If you have never had a cherimoya, you are totally missing out. In fact, Mark Twain called it “the most delicious fruit known to man” in an article he wrote for the Sacramento Daily Union in 1866. The outside looks like some sort of dragon egg, but the taste and texture are out-of-this-world. It is also known as the “custard apple” because its white flesh is so creamy and sweet you can eat it with a spoon and pretend grandma cooked you up somethin’ real nice. If I had to compare it to another flavor, I’d say it’s sort of like a papaya mixed with a pear.
Almost six years ago, Mike and I were in a museum in Trujillo, Peru looking at artifacts of the Moche people who lived in that area 100-800 A.D. These talented ceramicists loved to depict all aspects of daily life in their creations– and I mean all aspects (I’ll just say that they really used the orifices and handles of vases creatively…). These X-rated ceramics were displayed amongst other G-rated vessels of fruits and animals, but you can probably guess which ones people spent more time looking at…
I was so distracted by the graphic pottery that I didn’t even notice that the fruit they often depicted in the family-friendly ceramics is a cherimoya! See the photo above? Anyways, once native to the Andes, cherimoya are now grown all over the world, including in California. Lucky us.
I headed over to the tropical fruit section of Berkeley Bowl and asked “my guy” to help me pick
out a good one. As per usual, he cut one open on the spot so I could sample a wedge and drip cherimoya juice all over the produce aisle (this is why I love Berkeley Bowl). Although I didn’t know what I was going to make with cherimoya only two seconds earlier, I immediately had my answer: the sweet, velvety flesh reminded me of one of my favorite desserts, panna cotta.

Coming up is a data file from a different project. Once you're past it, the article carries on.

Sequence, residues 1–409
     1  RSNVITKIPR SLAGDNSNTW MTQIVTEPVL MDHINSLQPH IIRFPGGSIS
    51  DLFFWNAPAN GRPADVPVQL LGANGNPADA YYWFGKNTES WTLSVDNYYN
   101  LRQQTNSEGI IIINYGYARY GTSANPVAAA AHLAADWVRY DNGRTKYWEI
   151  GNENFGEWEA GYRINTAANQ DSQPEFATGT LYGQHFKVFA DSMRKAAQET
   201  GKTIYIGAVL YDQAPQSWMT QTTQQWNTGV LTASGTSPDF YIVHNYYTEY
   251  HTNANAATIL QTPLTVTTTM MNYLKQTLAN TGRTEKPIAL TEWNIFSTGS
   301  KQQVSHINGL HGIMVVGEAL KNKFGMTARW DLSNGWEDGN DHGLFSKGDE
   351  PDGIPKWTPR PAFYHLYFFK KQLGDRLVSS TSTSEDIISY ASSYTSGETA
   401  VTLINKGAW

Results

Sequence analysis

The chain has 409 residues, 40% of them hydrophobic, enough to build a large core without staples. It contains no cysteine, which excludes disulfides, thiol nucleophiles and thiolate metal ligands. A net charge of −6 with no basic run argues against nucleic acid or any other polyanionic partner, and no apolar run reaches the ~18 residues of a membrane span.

Panna cotta, meaning “cooked cream” in Italian, is usually made with some combination of cream, sugar, and gelatin, sometimes with embellishments like sour cream or mascarpone. I fiddled around with proportions and textures and came up with the recipe below. I used agar agar instead of gelatin to make this vegetarian-friendly, but if you want to make it vegan you can just substitute more coconut milk for the half and half (I did not because I wanted to taste the cherimoya and not the coconut). It is a beautifully simple dessert which really allows one to taste the delicate flavor of the fruit while enjoying the velvety, custard-like texture.
I just split the big one in the photo below with my husband for dessert. It’s hard to believe something this delicious could be good for you, but in this case it is. Cherimoya is packed with nutrition, providing about a third to a half of the recommended daily intake for vitamin C, vitamin B-6, and dietary fiber, plus a whole bunch of other vitamins and minerals. So make sure you buy two: one for preparing this recipe, and one for eating straight up with a spoon.
Cherimoya Panna Cotta
- 1/3 teaspoons powdered agar agar (vegan substitute for gelatin)
- 1 1/2 cups half and half
- 1/2 cup coconut milk
- 1 ripe cherimoya
- 1 star anise
- 1/4 cup sugar
In a small saucepan, combine the half and half, coconut milk, star anise, and sugar and place over medium heat. Whisk in the agar agar and whisk for 2-3 minutes until all ingredients are fully dissolved and the liquid begins to simmer. Turn off heat and let sit for ten minutes.
Cut the cherimoya in half and scoop out the flesh into a bowl. Squish the flesh between your hands to remove and discard all the black seeds. Once all the seeds have been removed, puree the cherimoya flesh in a blender or food processor. You should have about 1 cup of puree. Add the cherimoya puree to the saucepan and discard the anise. Stir to combine and pour into 6 small ramekins. Refrigerate for at least 2-3 hours until set and chilled through.
To serve, run a spatula around the edges of the ramekins to loosen the sides, and invert onto a dessert plate. Or, you can eat it directly out of the ramekin.